Louisville police sergeant files lawsuit against Breonna Taylor’s boyfriend

An officer involved in the Breonna Taylor shooting case has filed a lawsuit against her boyfriend, claiming battery, assault and emotional distress.

Sgt. Jonathan Mattingly filed suit against Kenneth Walker III in Jefferson County Circuit Court on Oct. 29. Mattingly claimed that on March 13, he and officers Myles Cosgrove and Brett Hankison, arrived at Taylor’s apartment, “knocked repeatedly and announced themselves as police.”  

The lawsuit further stated the officers forced entry after no one answered, and Mattingly saw Walker standing in the hallway with a gun pointed at him. Walker claimed police didn’t identify themselves and he believed they were intruders.

The lawsuit claimed that the sergeant  “felt a sharp, hot pain in his leg and realized he had been shot by Walker. The shot struck Sergeant Mattingly in his femoral artery, in his upper thigh, and caused serious injury to Mattingly that required emergency medical attention.”

Mattingly is seeking compensatory and punitive damages for battery, assault and emotional distress. “Sgt. Mattingly was shot and nearly killed by Kenneth Walker. He’s entitled to, and should, use the legal process to seek a remedy for the injury that Walker has caused him,” said the officer’s attorney, Kent Wicker, in a statement.

Oral arguments in the case are scheduled for Nov. 12.

Police had originally gone to Taylor’s apartment on March 13 as part of an ongoing investigation into an illegal drug-trafficking operation.

Officers obtained a “no-knock warrant,” with the permission to search the apartment. Taylor and her boyfriend, Walker, were inside at the time. Mattingly claimed after Walker shot him, the sergeant and the other officers returned fire but missed. 

Taylor was shot five times and died from her injuries. No drugs or cash were found at her home.

Taylor’s death was an impetus for widespread social justice protests across the country in the months that followed. 

Protesters stand in front of a local Cuban restaurant while chanting slogans during the demonstration. ((Photo by Stephen Zenner/SOPA Images/LightRocket via Getty Images))

A grand jury later indicted Walker for the attempted murder of  a police officer. The Commonwealth Attorney’s Office dismissed the charge without prejudice. 

Walker filed suit against Mattingly and Cosgrove. The officers have filed a motion to dismiss the lawsuit, claiming immunity.  A grand jury did not indict Mattingly or Cosgrove. 

Instead, a grand jury indicted Hankison on three felony counts of wanton endangerment for shooting into an apartment next to Taylor’s. He was fired from the force. Hankison has appealed his termination.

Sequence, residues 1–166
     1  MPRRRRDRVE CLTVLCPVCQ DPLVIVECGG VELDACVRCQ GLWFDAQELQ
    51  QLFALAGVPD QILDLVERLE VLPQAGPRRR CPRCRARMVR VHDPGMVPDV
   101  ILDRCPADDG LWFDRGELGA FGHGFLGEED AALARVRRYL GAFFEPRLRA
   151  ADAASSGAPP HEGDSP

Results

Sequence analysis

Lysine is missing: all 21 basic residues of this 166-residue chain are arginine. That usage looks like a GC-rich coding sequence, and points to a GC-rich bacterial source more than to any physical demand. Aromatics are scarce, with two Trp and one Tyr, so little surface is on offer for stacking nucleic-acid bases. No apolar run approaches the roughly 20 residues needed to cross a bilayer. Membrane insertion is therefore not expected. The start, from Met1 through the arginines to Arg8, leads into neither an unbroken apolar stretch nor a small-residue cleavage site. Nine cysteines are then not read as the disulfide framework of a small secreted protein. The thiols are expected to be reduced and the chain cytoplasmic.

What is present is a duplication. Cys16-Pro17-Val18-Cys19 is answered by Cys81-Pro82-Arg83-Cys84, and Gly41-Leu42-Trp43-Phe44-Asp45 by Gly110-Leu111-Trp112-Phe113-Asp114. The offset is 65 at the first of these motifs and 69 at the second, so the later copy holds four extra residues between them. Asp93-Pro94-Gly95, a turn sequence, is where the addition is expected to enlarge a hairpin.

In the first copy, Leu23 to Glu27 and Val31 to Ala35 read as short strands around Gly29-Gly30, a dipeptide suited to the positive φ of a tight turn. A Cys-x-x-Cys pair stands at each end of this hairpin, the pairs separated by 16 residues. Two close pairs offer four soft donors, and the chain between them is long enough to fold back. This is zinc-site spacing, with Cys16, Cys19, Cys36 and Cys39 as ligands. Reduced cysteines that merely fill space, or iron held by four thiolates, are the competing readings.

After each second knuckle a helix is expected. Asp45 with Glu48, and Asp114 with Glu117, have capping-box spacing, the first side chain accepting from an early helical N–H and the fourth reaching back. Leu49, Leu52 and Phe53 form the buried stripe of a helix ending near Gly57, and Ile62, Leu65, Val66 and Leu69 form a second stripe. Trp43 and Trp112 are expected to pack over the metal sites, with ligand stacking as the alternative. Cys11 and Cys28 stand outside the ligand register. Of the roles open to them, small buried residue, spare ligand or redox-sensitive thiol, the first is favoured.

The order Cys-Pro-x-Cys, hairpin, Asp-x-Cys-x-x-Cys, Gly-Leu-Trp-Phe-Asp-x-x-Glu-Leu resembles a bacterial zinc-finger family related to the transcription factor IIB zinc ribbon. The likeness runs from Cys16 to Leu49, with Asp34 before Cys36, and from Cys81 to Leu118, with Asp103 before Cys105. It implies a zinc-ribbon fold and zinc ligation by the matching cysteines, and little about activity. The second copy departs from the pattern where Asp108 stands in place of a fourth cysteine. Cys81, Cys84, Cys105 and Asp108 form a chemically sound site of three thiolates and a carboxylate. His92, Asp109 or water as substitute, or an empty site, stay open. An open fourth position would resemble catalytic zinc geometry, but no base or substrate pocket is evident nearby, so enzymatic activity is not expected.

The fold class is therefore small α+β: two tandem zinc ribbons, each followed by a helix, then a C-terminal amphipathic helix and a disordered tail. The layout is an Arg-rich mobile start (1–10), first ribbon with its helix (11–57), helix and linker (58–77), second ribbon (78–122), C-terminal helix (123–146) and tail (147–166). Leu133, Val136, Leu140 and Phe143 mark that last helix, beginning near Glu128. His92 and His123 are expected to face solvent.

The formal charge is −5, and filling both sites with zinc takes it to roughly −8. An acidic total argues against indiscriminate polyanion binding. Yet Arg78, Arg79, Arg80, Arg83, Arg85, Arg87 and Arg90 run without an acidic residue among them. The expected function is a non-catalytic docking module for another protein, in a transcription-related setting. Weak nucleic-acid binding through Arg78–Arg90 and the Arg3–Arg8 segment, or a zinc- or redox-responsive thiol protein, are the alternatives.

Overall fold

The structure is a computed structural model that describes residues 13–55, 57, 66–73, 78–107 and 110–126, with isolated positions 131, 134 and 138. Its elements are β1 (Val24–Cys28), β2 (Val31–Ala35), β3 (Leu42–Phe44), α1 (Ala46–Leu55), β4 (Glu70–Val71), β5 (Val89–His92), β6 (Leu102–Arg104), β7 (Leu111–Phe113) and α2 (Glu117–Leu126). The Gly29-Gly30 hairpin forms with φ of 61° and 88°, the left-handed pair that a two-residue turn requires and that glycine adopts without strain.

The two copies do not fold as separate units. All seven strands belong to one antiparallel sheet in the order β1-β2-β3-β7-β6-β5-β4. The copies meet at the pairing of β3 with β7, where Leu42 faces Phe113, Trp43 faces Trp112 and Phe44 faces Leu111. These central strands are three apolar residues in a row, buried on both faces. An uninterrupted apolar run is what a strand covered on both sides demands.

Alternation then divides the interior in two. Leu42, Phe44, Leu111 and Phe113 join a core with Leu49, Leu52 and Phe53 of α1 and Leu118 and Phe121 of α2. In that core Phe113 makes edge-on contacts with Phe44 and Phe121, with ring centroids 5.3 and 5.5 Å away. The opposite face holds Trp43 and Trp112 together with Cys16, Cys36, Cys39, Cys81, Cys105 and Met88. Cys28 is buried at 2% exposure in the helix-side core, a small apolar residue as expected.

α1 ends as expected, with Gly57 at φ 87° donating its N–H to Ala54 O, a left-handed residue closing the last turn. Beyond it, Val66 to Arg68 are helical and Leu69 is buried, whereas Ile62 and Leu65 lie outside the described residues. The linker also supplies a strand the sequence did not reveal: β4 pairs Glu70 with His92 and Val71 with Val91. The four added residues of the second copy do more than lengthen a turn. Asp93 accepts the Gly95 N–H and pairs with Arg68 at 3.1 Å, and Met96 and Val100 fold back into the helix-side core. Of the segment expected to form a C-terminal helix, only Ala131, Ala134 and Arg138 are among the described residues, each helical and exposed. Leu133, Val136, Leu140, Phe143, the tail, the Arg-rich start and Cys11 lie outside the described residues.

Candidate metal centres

Taylor’s mother is calling for a new special prosecutor to investigate police actions in her daughter's death, adding her voice to two grand jurors who are speaking out about the Kentucky attorney general's handling of the case.

Kentucky Attorney General Daniel Cameron “used and abused the grand jury system, misled the public and showed a blatant disregard for his legal, ethical and moral duties,” Taylor's mother wrote in a letter sent Wednesday to the Kentucky Prosecutors Advisory Council.

Tamika Palmer said that on the day of the grand jury decision announcement last month, Cameron told her “the grand jury declined to indict other officers and that his team had done the best they could.”

But two anonymous grand jurors who came forward last week said the 12-member panel was not given the chance to explore charges related to Taylor's shooting death by officers.

Palmer said after Cameron told her the grand jury was only able to indict a former officer for wanton endangerment, “Cameron and one of his prosecutors then advised me that I should consider finding peace through the Lord and watched as I sobbed uncontrollably,” she wrote in the letter.

One of the two anonymous grand jurors said he felt the police actions on the night of her death were “criminal." The two men, one white, one African American, said they took issue with statements by Cameron that the grand jury “agreed” that homicide charges against the officers were not on the table because the Louisville police officers were justified in returning fire at Taylor’s apartment.

“We were never told of any additional charges,” one of the grand jurors said in a conference call with reporters Wednesday afternoon.

The Associated Press contributed to this story.